- The world’s reserve currency could sink under the Fed’s current policies, Bill Gross said in the FT.
- He disputed Jerome Powell’s decision to keep interest rates low until the pandemic is under control.
- Inflation will force the Fed to move away from its ultra-easy policies sooner than expected, he said.
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Billionaire investor Bill Gross wrote in a Financial Times op-ed on Tuesday that the Federal Reserve could risk sinking the dollar if it continues to support accommodative monetary policies for too long.
“I suspect that $5 trillion spending programmes and the Fed’s current package of near zero per cent short-term rates and $120 billio n of monthly bond buying will move growth, inflation and financial markets far beyond reasonable targets that ultimately will jeopardize post-Covid-19 normals,” he wrote.
Gross, who has since retired since co-founding investment firm Pimco and moving Janus Henderson Investors, argued the threat of inflation will force the US central bank to change tack and move away from its policies sooner than it expects.
“The Fed cannot for long continue to maintain current policy rates and expand its own balance sheet and therefore private bank reserves at a $120 billion monthly pace,” he said.
Enormous amounts of money, as a result of quantitative easing, pumped into the economy over the past year to help sustain the fallout from COVID-19 led to an increase in the amount of cash in circulation. This circumstance inevitably leads to inflation and decreases the value of the currency, thereby devaluing investor savings.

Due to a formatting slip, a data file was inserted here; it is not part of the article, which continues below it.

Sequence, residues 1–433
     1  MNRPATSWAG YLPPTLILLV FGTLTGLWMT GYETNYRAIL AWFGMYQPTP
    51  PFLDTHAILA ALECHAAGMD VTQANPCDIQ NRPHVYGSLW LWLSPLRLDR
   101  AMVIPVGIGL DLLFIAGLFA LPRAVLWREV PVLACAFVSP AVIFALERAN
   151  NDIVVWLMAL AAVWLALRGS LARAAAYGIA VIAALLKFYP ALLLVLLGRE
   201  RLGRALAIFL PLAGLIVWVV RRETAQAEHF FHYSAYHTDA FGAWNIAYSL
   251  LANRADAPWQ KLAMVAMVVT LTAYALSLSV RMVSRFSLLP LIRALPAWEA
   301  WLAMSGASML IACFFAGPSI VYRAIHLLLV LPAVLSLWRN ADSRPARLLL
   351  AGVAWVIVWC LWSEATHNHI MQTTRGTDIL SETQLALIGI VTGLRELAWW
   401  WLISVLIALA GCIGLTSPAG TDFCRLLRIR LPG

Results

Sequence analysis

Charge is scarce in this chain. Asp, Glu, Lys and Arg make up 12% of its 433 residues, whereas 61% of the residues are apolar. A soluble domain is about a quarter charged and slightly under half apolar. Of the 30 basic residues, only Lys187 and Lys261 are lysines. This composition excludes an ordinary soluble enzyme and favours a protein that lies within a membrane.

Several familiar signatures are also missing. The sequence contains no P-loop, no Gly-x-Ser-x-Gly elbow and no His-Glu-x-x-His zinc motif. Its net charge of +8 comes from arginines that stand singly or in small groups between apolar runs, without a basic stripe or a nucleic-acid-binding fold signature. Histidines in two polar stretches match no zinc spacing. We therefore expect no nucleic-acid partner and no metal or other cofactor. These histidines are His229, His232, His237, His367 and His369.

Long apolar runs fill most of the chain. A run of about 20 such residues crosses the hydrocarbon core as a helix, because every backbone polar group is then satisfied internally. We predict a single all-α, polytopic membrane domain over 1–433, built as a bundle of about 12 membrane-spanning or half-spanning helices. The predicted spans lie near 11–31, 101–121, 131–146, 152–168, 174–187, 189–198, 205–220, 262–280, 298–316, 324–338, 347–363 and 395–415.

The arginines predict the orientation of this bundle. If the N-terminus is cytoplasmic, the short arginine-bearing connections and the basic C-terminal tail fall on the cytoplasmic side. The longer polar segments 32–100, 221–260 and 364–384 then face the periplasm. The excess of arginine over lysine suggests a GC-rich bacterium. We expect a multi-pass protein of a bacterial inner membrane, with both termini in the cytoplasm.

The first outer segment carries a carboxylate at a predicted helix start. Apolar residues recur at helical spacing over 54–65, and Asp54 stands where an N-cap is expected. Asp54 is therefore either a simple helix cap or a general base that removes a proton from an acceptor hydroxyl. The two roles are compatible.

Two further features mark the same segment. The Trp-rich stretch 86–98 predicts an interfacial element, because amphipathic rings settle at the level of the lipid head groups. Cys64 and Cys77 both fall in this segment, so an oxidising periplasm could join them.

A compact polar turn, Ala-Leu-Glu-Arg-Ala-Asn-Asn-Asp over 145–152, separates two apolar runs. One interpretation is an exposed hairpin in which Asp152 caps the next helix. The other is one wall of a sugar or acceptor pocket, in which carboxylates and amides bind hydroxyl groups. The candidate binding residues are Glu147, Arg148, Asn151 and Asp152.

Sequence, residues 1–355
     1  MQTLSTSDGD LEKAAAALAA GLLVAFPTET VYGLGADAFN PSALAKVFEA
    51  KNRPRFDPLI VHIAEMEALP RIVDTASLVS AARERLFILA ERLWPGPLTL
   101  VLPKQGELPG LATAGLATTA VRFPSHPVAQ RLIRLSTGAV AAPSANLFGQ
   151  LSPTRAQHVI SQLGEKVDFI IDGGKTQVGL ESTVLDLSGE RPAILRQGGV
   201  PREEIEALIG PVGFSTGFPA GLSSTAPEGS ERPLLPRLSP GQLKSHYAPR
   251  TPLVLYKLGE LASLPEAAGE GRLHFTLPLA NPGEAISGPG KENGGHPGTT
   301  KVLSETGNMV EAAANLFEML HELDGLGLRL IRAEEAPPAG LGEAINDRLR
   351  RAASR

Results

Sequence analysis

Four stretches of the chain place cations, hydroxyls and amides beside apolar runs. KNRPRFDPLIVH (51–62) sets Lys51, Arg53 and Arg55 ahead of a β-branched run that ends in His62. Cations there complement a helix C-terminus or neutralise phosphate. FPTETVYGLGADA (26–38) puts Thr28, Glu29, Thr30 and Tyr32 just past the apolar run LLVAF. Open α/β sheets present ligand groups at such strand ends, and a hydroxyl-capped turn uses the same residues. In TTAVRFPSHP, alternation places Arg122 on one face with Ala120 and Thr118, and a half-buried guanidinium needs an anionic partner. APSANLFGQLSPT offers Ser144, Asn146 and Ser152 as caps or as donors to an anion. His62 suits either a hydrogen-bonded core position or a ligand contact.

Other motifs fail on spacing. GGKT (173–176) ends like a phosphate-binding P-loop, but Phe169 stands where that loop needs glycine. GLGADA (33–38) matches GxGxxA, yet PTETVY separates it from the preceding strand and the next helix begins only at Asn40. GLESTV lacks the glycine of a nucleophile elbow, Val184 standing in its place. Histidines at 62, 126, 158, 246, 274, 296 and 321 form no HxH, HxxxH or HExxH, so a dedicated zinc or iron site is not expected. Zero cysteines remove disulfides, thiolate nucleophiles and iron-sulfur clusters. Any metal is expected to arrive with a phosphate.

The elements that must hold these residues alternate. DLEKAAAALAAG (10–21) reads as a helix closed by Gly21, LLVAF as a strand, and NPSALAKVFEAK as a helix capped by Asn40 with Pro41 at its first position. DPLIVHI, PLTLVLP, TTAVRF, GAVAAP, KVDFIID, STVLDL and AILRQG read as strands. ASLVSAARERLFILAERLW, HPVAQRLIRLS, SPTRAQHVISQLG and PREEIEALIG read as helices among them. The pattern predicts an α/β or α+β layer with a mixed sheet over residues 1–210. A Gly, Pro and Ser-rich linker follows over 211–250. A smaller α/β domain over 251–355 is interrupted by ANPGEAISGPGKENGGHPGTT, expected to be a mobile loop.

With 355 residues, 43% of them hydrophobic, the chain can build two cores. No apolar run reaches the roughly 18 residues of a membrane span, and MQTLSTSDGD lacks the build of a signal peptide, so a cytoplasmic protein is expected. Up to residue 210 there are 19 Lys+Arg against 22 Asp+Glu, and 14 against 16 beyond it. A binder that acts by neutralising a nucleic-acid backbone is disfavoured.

Gross called out Fed Chairman Jerome Powell for transitioning from a more conservative stance to one that has “unleashed the potential for chaotic future economic and market outcomes.”
The one-time “bond king” disputed Powell’s decision to keep interest rates low until the pandemic is more controlled and employment returns to normal. Unemployment may never return to 4% given the revolutionary changes in the work-from-home environment, in Gross’ view.
“And how long can the Treasury continue to require near-costless Fed financing for $2 trillion, $3 trillion and $4 trillion deficits without sinking the dollar? In a historical gold-standard world, Fort Knox would have been emptied long ago, implying the bankruptcy of the world’s reserve currency,” he said.
Gross also suggested that several cryptocurrencies and the boom in special-purpose acquisition companies have been a result of having an accommodative Fed.
“Cash has been trash for years, but soon it may be the only haven for investors sated beyond reasonable expectations of perpetually low yields and supportive bond kings and queens,” he said.
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